New education policy to accent on moral values, not just marks: Irani | punjab | Hindustan Times
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New education policy to accent on moral values, not just marks: Irani

punjab Updated: Sep 17, 2014 09:54 IST
Usmeet Kaur

The new 'shiksha neeti' (education policy) of the Narendra Modi government will not be only about "marks obtained", but will revolve around basic moral values that have deteriorated over the years.

"Education system should be able to teach these values that should reflect in our deeds and actions," stated human resource development minister Smriti Irani, who felt that "salary chase and goal chase" had made people forget their responsibilities towards the nation.

The minister expressed these views while addressing a national seminar on 'Revitalising Education Policy for Safer Women World' at DAV College, Hathi Gate, here on Tuesday.

The minister, who had talked about improving teachers' training programmes on Monday, found loop holes in the current education system in her address at the seminar.

She said the new education policy would only come into force after considering the opinion of education departments of all states. She hoped that by January 2015, a policy laying emphases on moral values and on making Indians "good human beings" would be in force.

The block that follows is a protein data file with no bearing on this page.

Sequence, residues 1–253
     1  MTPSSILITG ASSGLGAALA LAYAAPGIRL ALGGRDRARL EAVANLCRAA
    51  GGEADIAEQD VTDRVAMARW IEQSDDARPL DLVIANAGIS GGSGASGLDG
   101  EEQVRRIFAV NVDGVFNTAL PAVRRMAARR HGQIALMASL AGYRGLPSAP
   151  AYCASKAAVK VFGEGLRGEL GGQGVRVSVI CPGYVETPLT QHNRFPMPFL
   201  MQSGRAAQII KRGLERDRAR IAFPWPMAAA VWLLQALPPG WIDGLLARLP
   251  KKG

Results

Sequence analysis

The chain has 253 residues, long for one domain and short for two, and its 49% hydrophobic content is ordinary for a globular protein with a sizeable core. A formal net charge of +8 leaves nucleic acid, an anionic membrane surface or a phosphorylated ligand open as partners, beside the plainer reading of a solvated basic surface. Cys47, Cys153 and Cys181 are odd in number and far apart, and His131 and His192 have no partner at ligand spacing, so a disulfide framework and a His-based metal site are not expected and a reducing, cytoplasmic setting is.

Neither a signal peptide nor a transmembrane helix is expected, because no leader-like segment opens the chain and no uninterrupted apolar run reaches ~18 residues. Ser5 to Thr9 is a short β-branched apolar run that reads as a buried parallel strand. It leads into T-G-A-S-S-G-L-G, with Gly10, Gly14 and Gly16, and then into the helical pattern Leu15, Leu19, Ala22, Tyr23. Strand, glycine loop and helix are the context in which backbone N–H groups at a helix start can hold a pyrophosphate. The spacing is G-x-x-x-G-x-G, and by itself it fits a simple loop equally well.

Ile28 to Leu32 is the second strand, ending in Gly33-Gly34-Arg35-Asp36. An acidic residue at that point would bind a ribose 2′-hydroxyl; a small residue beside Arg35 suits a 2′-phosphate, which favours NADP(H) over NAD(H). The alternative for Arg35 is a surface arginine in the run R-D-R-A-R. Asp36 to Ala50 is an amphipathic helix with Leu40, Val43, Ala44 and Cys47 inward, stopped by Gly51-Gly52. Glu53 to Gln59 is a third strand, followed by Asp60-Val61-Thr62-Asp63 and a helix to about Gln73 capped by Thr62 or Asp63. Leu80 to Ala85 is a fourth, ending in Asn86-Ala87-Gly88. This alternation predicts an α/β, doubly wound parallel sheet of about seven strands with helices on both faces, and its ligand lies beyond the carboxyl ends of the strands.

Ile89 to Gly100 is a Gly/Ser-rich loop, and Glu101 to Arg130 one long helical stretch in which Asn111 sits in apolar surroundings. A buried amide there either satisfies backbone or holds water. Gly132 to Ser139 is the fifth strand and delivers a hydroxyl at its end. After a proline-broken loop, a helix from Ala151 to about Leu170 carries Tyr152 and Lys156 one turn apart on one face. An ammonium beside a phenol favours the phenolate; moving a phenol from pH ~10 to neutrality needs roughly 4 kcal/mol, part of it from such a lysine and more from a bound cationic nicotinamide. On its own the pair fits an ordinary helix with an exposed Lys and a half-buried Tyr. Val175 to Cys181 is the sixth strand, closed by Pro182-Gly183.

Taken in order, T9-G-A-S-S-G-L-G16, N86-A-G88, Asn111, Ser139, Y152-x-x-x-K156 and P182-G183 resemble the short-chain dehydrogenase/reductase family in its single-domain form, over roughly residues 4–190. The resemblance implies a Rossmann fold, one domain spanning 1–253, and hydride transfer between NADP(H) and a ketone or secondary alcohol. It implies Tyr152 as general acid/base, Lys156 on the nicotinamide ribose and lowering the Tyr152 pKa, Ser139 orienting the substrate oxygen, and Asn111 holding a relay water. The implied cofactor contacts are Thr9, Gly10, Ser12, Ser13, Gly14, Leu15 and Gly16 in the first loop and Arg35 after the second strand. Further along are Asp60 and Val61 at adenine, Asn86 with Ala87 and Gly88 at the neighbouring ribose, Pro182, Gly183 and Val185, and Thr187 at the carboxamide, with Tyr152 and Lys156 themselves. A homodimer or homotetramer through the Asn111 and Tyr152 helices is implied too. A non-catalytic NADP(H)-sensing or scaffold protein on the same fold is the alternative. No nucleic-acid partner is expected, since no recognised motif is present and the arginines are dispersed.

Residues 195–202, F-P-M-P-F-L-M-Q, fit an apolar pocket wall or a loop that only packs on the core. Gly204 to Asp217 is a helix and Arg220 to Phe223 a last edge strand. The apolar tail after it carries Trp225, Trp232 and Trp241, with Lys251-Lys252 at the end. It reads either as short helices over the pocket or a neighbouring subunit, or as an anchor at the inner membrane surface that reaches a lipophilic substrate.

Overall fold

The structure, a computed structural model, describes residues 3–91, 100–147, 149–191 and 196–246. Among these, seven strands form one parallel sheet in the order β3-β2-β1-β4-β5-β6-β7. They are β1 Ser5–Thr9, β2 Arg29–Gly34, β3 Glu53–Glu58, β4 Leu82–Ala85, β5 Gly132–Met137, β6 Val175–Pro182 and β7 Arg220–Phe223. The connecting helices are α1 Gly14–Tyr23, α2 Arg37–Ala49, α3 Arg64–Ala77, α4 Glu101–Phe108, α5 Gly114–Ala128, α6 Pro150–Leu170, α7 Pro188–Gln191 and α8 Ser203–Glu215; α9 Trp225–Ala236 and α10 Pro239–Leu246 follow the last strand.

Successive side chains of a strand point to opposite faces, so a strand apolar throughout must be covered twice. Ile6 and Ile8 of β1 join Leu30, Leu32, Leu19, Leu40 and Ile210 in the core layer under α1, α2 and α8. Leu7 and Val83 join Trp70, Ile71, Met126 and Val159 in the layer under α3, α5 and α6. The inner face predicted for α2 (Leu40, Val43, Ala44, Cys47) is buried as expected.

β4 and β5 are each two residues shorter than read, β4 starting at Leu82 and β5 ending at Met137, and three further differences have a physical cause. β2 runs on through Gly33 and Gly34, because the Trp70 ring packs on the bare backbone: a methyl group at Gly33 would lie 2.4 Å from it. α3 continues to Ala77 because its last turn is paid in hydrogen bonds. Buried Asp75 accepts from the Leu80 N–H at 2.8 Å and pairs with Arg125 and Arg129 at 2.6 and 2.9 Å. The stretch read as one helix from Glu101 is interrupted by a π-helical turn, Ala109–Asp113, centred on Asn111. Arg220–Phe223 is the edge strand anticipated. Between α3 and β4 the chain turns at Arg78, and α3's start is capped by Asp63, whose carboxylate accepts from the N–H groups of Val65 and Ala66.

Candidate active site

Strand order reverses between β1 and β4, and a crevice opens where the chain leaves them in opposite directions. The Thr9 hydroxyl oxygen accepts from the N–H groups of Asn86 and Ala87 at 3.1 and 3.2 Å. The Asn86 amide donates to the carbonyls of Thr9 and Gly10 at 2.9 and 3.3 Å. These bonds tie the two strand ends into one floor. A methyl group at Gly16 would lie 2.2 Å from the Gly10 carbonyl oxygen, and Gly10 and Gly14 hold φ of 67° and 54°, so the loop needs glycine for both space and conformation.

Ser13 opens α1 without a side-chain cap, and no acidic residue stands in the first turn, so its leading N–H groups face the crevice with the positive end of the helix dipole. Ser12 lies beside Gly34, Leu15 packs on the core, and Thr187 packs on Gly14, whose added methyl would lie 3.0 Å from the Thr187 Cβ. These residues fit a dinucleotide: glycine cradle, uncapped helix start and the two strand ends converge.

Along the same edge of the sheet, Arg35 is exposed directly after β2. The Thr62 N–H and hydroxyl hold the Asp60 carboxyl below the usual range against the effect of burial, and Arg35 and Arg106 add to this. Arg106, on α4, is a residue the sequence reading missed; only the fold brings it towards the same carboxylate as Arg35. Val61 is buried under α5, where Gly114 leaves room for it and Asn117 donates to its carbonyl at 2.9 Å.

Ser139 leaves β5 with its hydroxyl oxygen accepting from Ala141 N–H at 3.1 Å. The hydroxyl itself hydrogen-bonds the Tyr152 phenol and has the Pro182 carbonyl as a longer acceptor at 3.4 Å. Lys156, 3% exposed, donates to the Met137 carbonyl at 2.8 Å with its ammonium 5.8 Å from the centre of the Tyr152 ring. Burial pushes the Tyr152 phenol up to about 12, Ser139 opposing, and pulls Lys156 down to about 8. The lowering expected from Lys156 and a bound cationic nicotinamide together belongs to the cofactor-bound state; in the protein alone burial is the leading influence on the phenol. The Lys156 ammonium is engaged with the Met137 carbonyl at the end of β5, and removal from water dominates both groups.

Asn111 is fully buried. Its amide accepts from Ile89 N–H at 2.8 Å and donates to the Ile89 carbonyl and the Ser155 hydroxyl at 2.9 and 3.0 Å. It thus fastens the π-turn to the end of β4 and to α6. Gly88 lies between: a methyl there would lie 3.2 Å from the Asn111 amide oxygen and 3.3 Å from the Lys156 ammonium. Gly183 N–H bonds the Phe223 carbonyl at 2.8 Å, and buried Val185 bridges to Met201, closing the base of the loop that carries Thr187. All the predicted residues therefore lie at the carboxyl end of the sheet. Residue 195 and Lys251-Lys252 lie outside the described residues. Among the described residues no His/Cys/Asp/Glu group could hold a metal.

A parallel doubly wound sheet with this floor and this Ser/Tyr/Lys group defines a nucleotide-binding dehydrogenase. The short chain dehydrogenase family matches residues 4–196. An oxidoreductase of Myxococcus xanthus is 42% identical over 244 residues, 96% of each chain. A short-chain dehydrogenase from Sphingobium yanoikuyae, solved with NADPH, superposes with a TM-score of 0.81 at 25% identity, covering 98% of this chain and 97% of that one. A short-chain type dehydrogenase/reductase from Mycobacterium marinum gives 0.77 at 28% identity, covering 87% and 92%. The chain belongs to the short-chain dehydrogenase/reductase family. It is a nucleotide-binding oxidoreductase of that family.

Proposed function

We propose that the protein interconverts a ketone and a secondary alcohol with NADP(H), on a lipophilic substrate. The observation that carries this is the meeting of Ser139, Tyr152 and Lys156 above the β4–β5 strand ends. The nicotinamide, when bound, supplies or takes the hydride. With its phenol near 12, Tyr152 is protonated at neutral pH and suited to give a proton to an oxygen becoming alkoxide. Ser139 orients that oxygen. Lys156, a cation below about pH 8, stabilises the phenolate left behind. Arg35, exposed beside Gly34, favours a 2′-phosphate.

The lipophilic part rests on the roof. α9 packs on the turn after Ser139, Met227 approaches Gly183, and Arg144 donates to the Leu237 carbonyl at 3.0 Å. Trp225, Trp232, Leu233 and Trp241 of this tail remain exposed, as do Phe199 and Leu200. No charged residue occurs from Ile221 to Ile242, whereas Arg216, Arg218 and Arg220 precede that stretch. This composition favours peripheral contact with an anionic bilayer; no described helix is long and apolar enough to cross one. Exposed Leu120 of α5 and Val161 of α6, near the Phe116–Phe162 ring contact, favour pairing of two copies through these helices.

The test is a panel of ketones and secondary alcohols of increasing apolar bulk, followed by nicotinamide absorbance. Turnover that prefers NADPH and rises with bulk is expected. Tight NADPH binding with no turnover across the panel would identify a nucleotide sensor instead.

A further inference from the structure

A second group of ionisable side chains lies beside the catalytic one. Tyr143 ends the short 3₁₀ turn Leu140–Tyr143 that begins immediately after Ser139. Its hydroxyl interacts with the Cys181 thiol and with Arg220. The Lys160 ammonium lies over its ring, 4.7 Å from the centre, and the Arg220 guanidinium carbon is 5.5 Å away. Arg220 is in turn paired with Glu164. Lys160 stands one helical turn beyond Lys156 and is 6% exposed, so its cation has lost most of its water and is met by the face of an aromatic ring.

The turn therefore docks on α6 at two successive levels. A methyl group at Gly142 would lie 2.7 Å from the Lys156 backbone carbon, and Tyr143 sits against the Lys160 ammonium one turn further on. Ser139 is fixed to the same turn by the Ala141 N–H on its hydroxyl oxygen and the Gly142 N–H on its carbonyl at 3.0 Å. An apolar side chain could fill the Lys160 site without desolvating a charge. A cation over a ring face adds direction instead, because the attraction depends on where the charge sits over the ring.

She sought to take a dig at the present education system by asking the audience as to how many people will give up lucrative appointments and important meetings to take care of their sick and aging parents.

She lamented that not many had time for their parents and loved ones as education was all about salaries and achieving goals.

Referring to her visit to the Jallianwala Bagh prior to the seminar, she pointed to the portrait of an uneducated woman, Ratan Devi, hanging at the gallery of the memorial and said, "To me she was more educated than most of us, as she possessed moral values. She sat whole night beside the body of her dead husband to protect it from stray dogs."

Touching upon the issue of female feoticide, Irani pointed out that in south Mumbai, where affluent and most well-educated people live, the menace had a high prevalence rate. Heaving a sigh, she quipped: "Aisa kyun hai ke degrees hai par sanskaar nahi hai (why is it that our education system gives us degrees but we lack values?)."

The minister also sought to know that why the youth of the country felt uncomfortable with Indian values and culture and were more inclined towards western values. She felt that education should imbibe in all the feeling of being a proud Indian.

Irani also made a reference to gender sensitisation in the education system, with particular reference to respect for women.

Earlier on her arrival here, Irani paid obeisance at the Golden Temple and then at the Durgiana Mandir.
Prior to her departure, she visited the BJP office here and told BJP workers to adopt a school and construct toilets there for girls.